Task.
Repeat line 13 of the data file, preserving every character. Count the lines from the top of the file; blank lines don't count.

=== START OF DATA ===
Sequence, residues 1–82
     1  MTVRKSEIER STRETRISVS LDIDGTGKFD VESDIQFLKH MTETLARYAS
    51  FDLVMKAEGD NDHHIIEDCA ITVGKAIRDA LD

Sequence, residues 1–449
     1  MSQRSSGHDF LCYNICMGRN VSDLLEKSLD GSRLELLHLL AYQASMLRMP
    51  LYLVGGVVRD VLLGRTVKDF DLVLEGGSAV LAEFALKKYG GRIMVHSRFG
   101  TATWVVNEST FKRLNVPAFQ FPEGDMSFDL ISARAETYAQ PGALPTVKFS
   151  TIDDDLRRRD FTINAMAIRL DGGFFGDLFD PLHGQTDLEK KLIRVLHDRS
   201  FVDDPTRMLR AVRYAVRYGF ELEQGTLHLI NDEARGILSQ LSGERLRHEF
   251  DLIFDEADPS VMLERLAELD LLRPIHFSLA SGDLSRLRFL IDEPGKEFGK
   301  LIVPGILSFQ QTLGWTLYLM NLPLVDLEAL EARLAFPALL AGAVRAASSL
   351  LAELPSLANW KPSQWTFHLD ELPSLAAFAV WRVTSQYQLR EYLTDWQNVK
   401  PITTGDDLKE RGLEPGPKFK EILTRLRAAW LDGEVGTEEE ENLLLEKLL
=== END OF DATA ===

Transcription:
   401  PITTGDDLKE RGLEPGPKFK EILTRLRAAW LDGEVGTEEE ENLLLEKLL